# Some general thoughts on Partial Dependence Plots with correlated covariates

**R-english – Freakonometrics**, and kindly contributed to R-bloggers]. (You can report issue about the content on this page here)

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The partial dependence plot is a nice tool to analyse the impact of some explanatory variables when using nonlinear models, such as a random forest, or some gradient boosting.The idea (in dimension 2), given a model \(m(x_1,x_2)\) for \(\mathbb{E}[Y|X_1=x_1,X_2=x_2]\). The partial dependence plot for variable \(x_1\) is model \(m\) is function \(p_1\) defined as \(x_1\mapsto\mathbb{E}_{\mathbb{P}_{X_2}}[m(x_1,X_2)]\). This can be approximated, using some dataset using \(\widehat{p}_1(x_1)=\frac{1}{n}\sum_{i=1}^n m(x_1,x_{2,i})\)My concern here what the interpretation of that plot when there are some (strongly) correlated covariates. Let us generate some dataset to start with

n=1000 library(mnormt) r=.7 set.seed(1234) X = rmnorm(n,mean = c(0,0),varcov = matrix(c(1,r,r,1),2,2)) Y = 1+X[,1]-2*X[,2]+rnorm(n)/2 df = data.frame(Y=Y,X1=X[,1],X2=X[,2])

As we can see, the true model is here is \(y_i=\beta_0+\beta_1 x_{1,i}+\beta_2x_{2,i}+\varepsilon_i\) where \(\beta_1 =1\) but the two variables are positively correlated, and the second one has a strong negative impact. Note that here

reg = lm(Y~.,data=df) summary(reg) Coefficients: Estimate Std. Error t value Pr(>|t|) (Intercept) 1.01414 0.01601 63.35 <2e-16 *** X1 1.02268 0.02305 44.37 <2e-16 *** X2 -2.03248 0.02342 -86.80 <2e-16 ***

If we estimate a wrongly specified model \(y_i=b_0+b_1 x_{1,i}+\eta_i\), we would get

reg1 = lm(Y~X1,data=df) summary(reg1) Coefficients: Estimate Std. Error t value Pr(>|t|) (Intercept) 1.03522 0.04680 22.121 <2e-16 *** X1 -0.44148 0.04591 -9.616 <2e-16 ***

Thus, on the proper model, \(\widehat{\beta}_1\sim+1.02\) while \(\widehat{b}_1\sim-0.44\) on the mispecified model.

Now, let us look at the parial dependence plot of the good model, using standard R dedicated packages,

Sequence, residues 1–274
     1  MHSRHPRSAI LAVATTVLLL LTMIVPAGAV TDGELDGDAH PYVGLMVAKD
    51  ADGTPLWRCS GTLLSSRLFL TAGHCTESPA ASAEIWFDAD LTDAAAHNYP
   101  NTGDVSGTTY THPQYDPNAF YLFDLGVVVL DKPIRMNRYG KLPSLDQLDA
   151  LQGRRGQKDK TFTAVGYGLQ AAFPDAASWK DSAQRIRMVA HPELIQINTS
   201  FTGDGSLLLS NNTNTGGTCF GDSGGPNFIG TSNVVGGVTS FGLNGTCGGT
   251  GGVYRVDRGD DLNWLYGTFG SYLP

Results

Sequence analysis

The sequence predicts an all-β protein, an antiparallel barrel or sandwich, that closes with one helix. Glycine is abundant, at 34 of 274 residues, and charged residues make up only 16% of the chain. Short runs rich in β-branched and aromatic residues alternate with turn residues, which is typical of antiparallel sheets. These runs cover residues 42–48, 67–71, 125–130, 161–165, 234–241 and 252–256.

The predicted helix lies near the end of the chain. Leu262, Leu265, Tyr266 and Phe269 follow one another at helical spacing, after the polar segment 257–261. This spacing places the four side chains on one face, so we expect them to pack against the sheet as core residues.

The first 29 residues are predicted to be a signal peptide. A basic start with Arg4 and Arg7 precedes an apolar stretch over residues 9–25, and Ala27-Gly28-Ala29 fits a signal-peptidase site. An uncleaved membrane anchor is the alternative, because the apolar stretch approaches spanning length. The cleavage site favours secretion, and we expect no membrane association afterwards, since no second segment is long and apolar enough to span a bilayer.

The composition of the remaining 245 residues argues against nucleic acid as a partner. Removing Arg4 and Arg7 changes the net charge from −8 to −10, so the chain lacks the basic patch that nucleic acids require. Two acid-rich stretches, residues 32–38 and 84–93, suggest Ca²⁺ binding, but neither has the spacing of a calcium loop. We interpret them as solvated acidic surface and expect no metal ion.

library(pdp) pdp::partial(reg, pred.var = "X1", plot = TRUE, plot.engine = "ggplot2")

which is the linear line \(y=1+x\), that corresponds to \(y=\beta_0+\beta_1x\).

library(DALEX) plot(DALEX::single_variable(DALEX::explain(reg, data=df),variable = "X1",type = "pdp"))

which corresponds to the previous graph. Here, it is also possible to creaste our own function to compute that partial dependence plot,

pdp1 = function(x1){ nd = data.frame(X1=x1,X2=df$X2) mean(predict(reg,newdata=nd)) }

that will be the straight line below (the dotted line is the theoretical one \(y=1+x\),

vx=seq(-3.5,3.5,length=101) vpdp1 = Vectorize(pdp1)(vx) plot(vx,vpdp1,type="l") abline(a=1,b=1,lty=2)

which is very different from the univariate regression on \(x_1\)

abline(reg1,col="red")

Actually, the later is very consistent with a local regression, only on \(x_1\)

library(locfit) lines(locfit(Y~X1,data=df),col="blue")

Now, to get back to the definition of the partial dependence plot, \(x_1\mapsto\mathbb{E}_{\mathbb{P}_{X_2}}[m(x_1,X_2)]\), in the context of correlated variable, I was wondering if it would not make more sense to consider some local version actually, something like \(x_1\mapsto\mathbb{E}_{\mathbb{P}_{X_2|X_1}}[m(x_1,X_2)]\). My intuition was that, somehow, it did not make any sense to consider any \(X_2\) while \(X_1\) was fixed (and equal to \(x_1\)). But it would make more sense actually to look at more valid \(X_2\)‘s given the value of \(X_1\). And a natural estimate could be some \(k\) neareast-neighbors, i.e. \(\tilde{p}_1(x_1)=\frac{1}{k}\sum_{i\in\mathcal{V}_k(x)}^n m(x_1,x_{2,i})\) where \(\mathcal{V}_k(x)\) is the set of indices of the \(k\) \(x_i\)‘s that are the closest to \(x\), i.e.

lpdp1 = function(x1){ nd = data.frame(X1=x1,X2=df$X2) idx = rank(abs(df$X1-x1)) mean(predict(reg,newdata=nd[idx<50,])) } vlpdp1 = Vectorize(lpdp1)(vx) lines(vx,vlpdp1,col="darkgreen",lwd=2)

Surprisingly (?), this local partial dependence plot gives a curve that corresponds to the simple regression…

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**R-english – Freakonometrics**.

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